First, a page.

The Lion Seeker
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Are you a stupid or a clever?
Such is the refrain in Isaac Helger’s mind as he makes his way from redheaded hooligan to searching adolescent to striving young man on the make. His mother’s question haunts every choice. Are you a stupid or a clever? Will you find a way to lift your family out of Johannesburg’s poor inner city, to buy a house in the suburbs, to bring your aunts and cousins from Lithuania?
Isaac’s mother is a strong woman and a scarred woman; her maimed face taunts him with a past no one will discuss. As World War II approaches, then falls upon them, they hurtle toward a catastrophic reckoning. Isaac must make decisions that, at first, only seem to be life-or-death, then actually are.
Meanwhile, South Africa’s history, bound up with Europe’s but inflected with its own accents—Afrikaans, Zulu, Yiddish, English—begins to unravel. Isaac’s vibrant, working-class, Jewish neighborhood lies near the African slums; under cover of night, the slums are razed, the residents forced off to townships. Isaac’s fortune-seeking takes him to the privileged seclusion of the Johannesburg suburbs, where he will court forbidden love. It partners him with the unlucky, unsinkable Hugo Bleznick, selling miracle products to suspicious farmers. And it leads him into a feud with a grayshirt Afrikaaner who insidiously undermines him in the auto shop, where Isaac has found the only work that ever felt true. And then his mother’s secret, long carefully guarded, takes them to the diamond mines, where everything is covered in a thin, metallic dust, where lions wait among desert rocks, and where Isaac will begin to learn the bittersweet reality of success bought at truly any cost.
A thrilling ride through the life of one fumbling young hero, The Lion Seeker is a glorious reinvention of the classic family and coming-of-age sagas. We are caught — hearts open and wrecked — between the urgent ambitions of a mother who knows what it takes to survive and a son straining against the responsibilities of the old world, even as he is endowed with the freedoms of the new.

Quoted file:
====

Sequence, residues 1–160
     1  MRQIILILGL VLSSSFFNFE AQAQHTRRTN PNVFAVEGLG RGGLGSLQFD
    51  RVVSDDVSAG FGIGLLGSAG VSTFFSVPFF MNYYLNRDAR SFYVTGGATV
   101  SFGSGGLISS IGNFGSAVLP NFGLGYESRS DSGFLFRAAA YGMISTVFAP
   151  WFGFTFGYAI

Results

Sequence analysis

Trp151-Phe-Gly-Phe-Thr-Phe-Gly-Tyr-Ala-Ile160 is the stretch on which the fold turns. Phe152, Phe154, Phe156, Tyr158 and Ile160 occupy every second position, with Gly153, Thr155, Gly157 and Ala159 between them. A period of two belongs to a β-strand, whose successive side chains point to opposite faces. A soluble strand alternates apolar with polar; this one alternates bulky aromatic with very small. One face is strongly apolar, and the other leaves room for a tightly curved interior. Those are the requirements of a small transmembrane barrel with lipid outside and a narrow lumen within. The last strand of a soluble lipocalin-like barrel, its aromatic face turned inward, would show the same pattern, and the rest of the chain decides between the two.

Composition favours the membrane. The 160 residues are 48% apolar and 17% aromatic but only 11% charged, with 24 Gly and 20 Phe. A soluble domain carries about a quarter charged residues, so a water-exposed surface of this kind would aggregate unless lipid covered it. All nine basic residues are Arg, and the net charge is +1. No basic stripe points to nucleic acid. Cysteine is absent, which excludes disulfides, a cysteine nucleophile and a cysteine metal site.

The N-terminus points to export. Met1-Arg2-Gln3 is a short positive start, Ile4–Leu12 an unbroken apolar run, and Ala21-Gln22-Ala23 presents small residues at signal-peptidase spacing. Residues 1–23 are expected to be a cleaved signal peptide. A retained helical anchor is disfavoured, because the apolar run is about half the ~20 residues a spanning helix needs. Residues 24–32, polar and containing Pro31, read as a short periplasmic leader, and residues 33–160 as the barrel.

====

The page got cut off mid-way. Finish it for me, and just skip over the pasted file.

On it you old bitch, you crinkled-up meshugena, cos I got her, I have her and there is nothing you can do about it, I’ve had my bare fingers deep inside of her and me and her are as close as two people can be, we love each other. Choke on that, you old klafte. Love. When Yvonne picks up, he exhales without knowing he was holding his breath and it’s like a slump of relief. —Hey hey, he says. She nearly told me you were out. It’s our lucky night hey. And he laughs, a wild sound. She does not.
Envelopes from his satchel. The darker one is from the sewing room, the other is from Vance and has a rubber band around it and is bulked with the brickettes inside. To hold it gives a feeling like an electric current through his belly. He puts it down. His hands turn back the flap of the other one. Don’t. He pulls out the forms. Don’t. Bright African moon is strong enough to read his own hand. Don’t. Trudel-Sora Melkin. Dvora Kirtzbacher. Rochel-Dor Kreb. Orli. Friedke. Who is this one, who.
I’m serious. Isaac says, —I wouldn’t if I were you, Barn. Ma brings out a hatchet. New. Sharp. —Here we go, says Isaac. He has been dabbing a napkin in the spilled Scotch and water, now he tilts his head and squeezes the good juices out onto his tongue. —Yitzchok! —Ja Ma? Look at me. Isaac looks at Barney instead: Barney seems a trifle pale. — What is this? he says. —It’s how my mame deals with drunks, Isaac tells him. Turns them into firewood. I hope you got insurance, Barn. —Put that.
The hasp snaps off and Andre comes out headfirst, tumbling hard, a slab of black iron attached to his rear like some demented tail, sliding and thumping musically on the earth behind. Bright red flash of much blood there. Isaac runs at him with the rifle. 56. IN THE HUT Avrom wraps canvas strips around the lacerations on Andre’s wrists. Behind them the coal stove is twisted on its base of concrete, its front end torn or kicked completely off, ashen coals scattered. From his seat at the table.
Passed back in 1930 which he knows now cos it’s about the only thing he ever read up on from his old high school textbooks since he left Athens Boys. Looked it up after that time outside the shul when the okes tried to make like he was an ignorant or something. Read how it was true how the Nat government put a block on anyone trying to come to South Africa from Lithuania and some other countries near there. The bastards saying it had nothing to do with Jews when everyone knew it was only Jews –.